Room: Exhibit Hall | Forum 1
Purpose: To evaluate the dosimetric difference, multi-criteria optimization (MCO) planning efficiency and radiobiological benefits for 10-MV vs. 6-MV VMAT.
Methods: 16 patients with deep-seated tumors (five GYN with nodes, five pancreatic, three prostate without nodes and three with nodes), originally treated by 6-MV MCO-VMAT, were re-planned for 10-MV MCO-VMAT. 13 patients had one course and the three prostate+nodes patients had two, resulting in 19 MCO-VMAT plans plus three composite plans. The 6- and 10-MV plans were blind-reviewed by three radiation oncologists. Organ dose, integral dose and total MU were compared with a paired t-test. Navigation efficiency was quantified by the difference before and after navigation. All 6- and 10-MV plans were QA-ed using ArcCheck on the same linac and same day. The excess relative risk (ERR) for secondary malignancies was assessed using data from BEIR VII report. Total neutron dose from 10-MV was <1 cGy for all patients and thus ignored.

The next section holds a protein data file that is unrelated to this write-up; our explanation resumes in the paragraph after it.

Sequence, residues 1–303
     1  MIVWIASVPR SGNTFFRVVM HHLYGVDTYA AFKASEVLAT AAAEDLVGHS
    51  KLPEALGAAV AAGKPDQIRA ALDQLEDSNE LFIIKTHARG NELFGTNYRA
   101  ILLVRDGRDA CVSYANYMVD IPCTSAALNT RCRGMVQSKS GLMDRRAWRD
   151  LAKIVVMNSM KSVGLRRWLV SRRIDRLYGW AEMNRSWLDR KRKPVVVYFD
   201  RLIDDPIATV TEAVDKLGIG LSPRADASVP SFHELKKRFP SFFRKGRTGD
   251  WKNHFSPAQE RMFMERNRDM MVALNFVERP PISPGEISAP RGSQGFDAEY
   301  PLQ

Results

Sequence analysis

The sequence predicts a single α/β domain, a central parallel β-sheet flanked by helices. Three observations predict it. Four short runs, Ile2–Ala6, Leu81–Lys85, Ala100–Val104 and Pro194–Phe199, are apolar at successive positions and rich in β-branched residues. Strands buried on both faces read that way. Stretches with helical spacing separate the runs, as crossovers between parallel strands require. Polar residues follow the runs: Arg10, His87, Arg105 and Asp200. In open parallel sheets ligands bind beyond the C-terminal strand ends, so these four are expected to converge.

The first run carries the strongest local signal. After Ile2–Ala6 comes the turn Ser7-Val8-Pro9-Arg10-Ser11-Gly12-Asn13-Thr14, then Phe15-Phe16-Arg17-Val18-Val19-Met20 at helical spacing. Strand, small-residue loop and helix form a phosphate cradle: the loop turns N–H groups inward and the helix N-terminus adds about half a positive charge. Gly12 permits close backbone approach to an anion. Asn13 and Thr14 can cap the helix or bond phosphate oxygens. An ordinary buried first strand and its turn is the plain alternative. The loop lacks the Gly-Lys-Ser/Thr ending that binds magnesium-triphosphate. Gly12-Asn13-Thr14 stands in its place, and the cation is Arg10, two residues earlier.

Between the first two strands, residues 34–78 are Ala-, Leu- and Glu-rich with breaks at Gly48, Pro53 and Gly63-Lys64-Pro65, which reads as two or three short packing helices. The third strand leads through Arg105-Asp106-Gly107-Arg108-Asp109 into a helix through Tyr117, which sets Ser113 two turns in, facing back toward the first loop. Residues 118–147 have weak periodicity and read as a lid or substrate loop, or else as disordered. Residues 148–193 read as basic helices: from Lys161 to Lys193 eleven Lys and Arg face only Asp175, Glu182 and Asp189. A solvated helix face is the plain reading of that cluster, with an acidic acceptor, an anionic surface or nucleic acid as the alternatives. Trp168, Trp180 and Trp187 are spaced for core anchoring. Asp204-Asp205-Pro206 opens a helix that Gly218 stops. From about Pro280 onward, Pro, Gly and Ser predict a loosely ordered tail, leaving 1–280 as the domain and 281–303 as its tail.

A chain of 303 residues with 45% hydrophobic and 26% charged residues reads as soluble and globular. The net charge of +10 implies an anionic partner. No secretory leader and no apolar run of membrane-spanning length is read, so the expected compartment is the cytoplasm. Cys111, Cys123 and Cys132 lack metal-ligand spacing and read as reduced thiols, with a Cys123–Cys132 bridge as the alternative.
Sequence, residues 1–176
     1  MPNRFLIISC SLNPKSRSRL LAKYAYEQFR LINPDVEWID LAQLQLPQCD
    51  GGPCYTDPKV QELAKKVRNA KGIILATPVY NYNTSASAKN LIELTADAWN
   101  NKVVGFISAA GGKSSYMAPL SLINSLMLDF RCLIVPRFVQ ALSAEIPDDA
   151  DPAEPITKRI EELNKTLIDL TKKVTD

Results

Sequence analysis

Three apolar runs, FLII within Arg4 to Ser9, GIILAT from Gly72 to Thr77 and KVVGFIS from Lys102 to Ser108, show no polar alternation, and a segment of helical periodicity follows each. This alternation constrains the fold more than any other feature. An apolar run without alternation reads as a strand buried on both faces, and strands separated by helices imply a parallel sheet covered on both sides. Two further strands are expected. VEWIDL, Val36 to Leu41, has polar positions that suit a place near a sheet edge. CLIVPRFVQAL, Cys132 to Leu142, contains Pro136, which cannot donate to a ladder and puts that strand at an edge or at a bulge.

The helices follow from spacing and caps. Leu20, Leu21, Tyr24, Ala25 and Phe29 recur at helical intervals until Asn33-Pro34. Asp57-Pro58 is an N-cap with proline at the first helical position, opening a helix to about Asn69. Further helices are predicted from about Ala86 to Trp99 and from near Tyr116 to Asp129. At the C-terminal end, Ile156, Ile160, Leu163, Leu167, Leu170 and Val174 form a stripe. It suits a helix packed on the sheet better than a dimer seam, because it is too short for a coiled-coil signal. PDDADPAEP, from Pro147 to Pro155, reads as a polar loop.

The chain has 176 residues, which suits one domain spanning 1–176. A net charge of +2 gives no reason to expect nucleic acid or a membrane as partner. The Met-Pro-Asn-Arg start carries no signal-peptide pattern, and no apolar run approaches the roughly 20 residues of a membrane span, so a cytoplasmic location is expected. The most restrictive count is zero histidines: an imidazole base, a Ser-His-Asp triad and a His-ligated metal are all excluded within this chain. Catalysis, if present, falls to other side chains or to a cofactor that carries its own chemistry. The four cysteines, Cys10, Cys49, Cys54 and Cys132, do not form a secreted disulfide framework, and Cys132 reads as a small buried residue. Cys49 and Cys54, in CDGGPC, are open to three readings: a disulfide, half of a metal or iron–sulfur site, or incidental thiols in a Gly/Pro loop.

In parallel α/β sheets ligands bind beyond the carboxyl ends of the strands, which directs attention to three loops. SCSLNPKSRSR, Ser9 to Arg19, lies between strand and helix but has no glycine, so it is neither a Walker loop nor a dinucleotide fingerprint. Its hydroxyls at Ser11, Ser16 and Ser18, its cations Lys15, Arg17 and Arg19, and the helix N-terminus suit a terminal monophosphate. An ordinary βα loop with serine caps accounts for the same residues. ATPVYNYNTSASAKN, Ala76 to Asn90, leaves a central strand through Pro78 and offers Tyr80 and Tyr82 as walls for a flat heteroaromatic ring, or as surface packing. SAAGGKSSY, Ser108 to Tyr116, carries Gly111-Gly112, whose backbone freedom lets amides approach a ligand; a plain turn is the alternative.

Results: Physicians preferred 10-MV for 14 individual plans plus all three composite plans, 6-MV for two plans, and had no preference on three. On average, the 10-MV plans provided mean dose reduction >1 Gy for bone marrow, kidneys, femurs, small bowel, rectum and bladder in GYN patients, for liver, small and large bowels in pancreatic patients, for femurs in all prostate patients, and for small bowel, rectum and bladder in prostate+nodes patients. The 10-MV plans resulted in 6.8% reduction on integral dose (p<0.0001), but a 5.7% increase in total MU (p=0.012). Navigation was more efficient for 10-MV in 74% of the 263 targets and organs. All 10-MV plans passed clinical QA. Substantial ERR reduction over 1 was found for kidneys, bladder and rectum for 10-MV.
Conclusion: 10-MV VMAT can decrease organ and integral dose, improve planning efficiency and may reduce the risk of secondary malignancies compared to 6-MV VMAT.